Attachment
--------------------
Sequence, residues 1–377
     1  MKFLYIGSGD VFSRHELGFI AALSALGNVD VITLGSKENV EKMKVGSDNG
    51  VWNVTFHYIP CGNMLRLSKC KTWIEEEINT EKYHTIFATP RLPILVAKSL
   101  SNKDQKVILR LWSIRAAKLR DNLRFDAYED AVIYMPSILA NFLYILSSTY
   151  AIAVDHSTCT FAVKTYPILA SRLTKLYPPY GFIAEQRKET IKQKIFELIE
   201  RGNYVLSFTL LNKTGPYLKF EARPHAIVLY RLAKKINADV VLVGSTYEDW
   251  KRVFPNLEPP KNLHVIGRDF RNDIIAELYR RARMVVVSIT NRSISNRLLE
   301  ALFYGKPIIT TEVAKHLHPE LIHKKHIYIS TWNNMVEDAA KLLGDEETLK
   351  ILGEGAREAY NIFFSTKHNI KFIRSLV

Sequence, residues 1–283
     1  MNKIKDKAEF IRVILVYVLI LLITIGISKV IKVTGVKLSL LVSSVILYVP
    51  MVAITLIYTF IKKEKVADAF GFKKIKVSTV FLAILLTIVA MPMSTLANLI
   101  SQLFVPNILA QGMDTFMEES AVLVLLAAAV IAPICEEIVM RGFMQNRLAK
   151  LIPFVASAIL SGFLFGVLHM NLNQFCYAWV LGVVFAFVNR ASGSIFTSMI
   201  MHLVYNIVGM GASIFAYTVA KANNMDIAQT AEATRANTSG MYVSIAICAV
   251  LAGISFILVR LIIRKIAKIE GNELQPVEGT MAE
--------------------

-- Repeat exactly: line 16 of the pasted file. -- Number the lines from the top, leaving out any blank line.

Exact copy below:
   251  LAGISFILVR LIIRKIAKIE GNELQPVEGT MAE